1. Detroit Tigers
2014 result: 90-72. 1st Place. Lost ALDS to Baltimore Orioles, 3-0.
A relatively easy pick, albeit none too exciting. Last year’s Tigers team was probably the most discordant, lifeless division winner imaginable, barely warding off a mediocre Royals team to seal the division on the last day of the season. After which, of course, they were clubbed by the Orioles in the ALDS to officially extend their championship drought to thirty (!) years. This offseason, they traded Rick Porcello to the Red Sox for Yoenis Cespedes, while Max Scherzer predictably walked for a plump contract in Washington. Cespedes will give their lineup the energy it desperately lacked in 2014, and they still have a formidable rotation with David Price, Anibal Sanchez, and the newly acquired Alfredo Simon. However, they lost a lot of pitching not only with Porcello and Scherzer’s departures, but also by trading Drew Smyly to Tampa Bay last summer. (Not to mention, the inexplicable Doug Fister trade in 2013, which is looking worse by the day.)
Moreover, some of their most pivotal players are becoming question marks. Justin Verlander (he of one of the priciest contracts in the game) has declined so significantly that few believe he’ll touch his prime form again. Miguel Cabrera and Victor Martinez, the invaluable heart of the lineup, have been plagued by recent injuries that have made even starting on opening day a question. Altogether, although Detroit will win the division, I don’t see much more. By any measure, it looks to be another exhausting, wheezy, and ultimately heartbreaking grab at that elusive championship that’ll come up short. I’ve said many times before that 2013 was their best chance at winning it all. Sadly for the tortured baseball souls of Motown, that still holds true in my eyes. With the Verlander/Cabrera contracts and an awful farm system, the Tigers are likely going to be the AL’s answer to the Phillies before you know it.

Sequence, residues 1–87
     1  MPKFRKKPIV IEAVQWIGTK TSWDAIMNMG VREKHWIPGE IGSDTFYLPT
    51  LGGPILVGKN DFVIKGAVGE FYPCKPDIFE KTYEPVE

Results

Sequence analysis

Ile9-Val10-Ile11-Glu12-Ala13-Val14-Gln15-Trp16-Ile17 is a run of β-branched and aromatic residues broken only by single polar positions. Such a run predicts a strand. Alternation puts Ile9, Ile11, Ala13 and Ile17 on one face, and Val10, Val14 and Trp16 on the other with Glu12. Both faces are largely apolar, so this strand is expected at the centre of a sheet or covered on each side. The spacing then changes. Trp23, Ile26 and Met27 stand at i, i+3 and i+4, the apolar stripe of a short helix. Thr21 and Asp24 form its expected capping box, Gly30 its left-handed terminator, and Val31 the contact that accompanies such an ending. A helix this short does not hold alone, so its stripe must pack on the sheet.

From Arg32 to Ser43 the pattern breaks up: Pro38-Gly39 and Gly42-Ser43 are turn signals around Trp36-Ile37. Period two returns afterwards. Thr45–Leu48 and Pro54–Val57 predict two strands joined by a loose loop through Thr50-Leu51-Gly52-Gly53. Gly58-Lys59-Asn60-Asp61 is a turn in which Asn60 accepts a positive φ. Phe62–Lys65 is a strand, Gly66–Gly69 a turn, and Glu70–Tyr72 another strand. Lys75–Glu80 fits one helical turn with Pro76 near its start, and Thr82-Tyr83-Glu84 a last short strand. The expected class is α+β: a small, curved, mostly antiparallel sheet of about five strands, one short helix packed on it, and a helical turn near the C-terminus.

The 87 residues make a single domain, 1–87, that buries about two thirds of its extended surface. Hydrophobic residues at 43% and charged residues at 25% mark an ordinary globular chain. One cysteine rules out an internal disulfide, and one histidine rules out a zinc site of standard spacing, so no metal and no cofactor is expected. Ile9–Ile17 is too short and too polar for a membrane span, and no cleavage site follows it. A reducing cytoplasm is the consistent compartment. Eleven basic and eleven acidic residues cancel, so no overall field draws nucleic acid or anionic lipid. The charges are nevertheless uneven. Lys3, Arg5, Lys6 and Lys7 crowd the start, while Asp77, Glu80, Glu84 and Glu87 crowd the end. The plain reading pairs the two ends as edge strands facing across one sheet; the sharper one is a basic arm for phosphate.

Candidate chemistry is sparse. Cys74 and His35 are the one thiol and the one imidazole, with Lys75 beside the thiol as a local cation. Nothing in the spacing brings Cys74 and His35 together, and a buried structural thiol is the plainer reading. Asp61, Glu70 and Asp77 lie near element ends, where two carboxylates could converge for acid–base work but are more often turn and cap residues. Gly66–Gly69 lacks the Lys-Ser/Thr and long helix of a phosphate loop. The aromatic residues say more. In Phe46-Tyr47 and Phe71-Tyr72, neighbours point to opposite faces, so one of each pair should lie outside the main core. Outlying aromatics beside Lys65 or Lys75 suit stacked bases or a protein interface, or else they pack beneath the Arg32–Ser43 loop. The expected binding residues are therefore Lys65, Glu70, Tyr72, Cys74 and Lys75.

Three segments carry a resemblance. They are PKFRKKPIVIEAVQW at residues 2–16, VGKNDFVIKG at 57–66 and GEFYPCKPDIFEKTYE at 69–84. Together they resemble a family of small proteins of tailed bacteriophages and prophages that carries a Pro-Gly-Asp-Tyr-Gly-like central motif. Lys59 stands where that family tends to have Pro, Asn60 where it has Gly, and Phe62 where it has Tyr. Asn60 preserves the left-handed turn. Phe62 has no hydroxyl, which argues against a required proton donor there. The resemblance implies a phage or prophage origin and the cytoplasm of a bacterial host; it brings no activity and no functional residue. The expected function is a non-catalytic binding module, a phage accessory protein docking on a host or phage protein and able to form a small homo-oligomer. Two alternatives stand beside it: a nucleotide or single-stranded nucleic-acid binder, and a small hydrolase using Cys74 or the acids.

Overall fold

2015 prediction: 90-72. AL Central Champions.
2. Chicago White Sox
2014 result: 73-89. 4th Place.
Last year, I looked at the White Sox as a team headed for a standard rebuilding cycle, coming off a disastrous 2013 campaign. But this past offseason, they suddenly asserted themselves as a hopeful contender. They snagged ace Jeff Samardzija from the Athletics by trade, signed Adam LaRoche to power up their offense, and also inked Melky Cabrera, Zach Duke and David Robertson. This is enough to build on the foundation of Chris Sale and Jose Abreu, two of my favorite players in the game who deserve to see October action. I see the ChiSox as just a wild card team this year, but there’s a legitimate chance they can challenge an aging Tigers team for the division crown. Although, despite Sale’s commendable confidence, it doesn’t mean they’ll even smell the flagged trophy.
2015 prediction: 88-74. 2nd AL Wild Card.
3. Cleveland Indians
2014 result: 85-77. 3rd Place.
Just last year, I was absolutely thrilled by the Indians’ dramatic overhaul that took them from 68 wins in 2012 to 92 in 2013, along with a wild card spot. Their 2014 season didn’t feature a playoff trip, although they would quietly contend late into the year. While they have the reigning AL Cy Young champion in Corey Kluber, and Terry Francona ever ready at the managerial helm, I’m not quite as bullish on the Tribe this year. They’re limited financially, a problem exacerbated by the Michael Bourn and Nick Swisher contracts. With the big money of the Tigers and the ambitious moves of the White Sox, they just don’t have enough to get back in the dance in my eyes.
2015 prediction: 83-79. 3rd Place.
4. Kansas City Royals
2014 result: 89-73. 2nd Place. Lost World Series to San Francisco Giants, 4-3.
Wow….it’s been months now, and I’m still in a daze from the Royals’ miracle run in October. Even though they knocked out my beloved A’s in a cruelly heartbreaking wild card game, I still rooted for them with ease for many reasons. One of which is, to be blunt, it was their real shot at that first title since 1985, even if they probably got further than they should have. I said all throughout the 2014 playoffs they wouldn’t even be back in October in 2015, and their subsequent offseason has certainly cemented that notion. Key slugger Billy Butler left for Oakland, while the elastic defensive outfield wizard Nori Aoki went to World Series adversary San Francisco. Most importantly, James Shields was snatched up by the Padres. These departures were effectively replaced by a battery of awful signings: Kendrys Morales, Alex Rios and Edinson Volquez, all of whom add up to $48 million total. They may still have that menacing bullpen trio, but even with their youth I just don’t see them contending again this year. And let’s not lie: They still have an atrocious owner, who may now get to hide behind the afterglow of the pennant run for quite some time.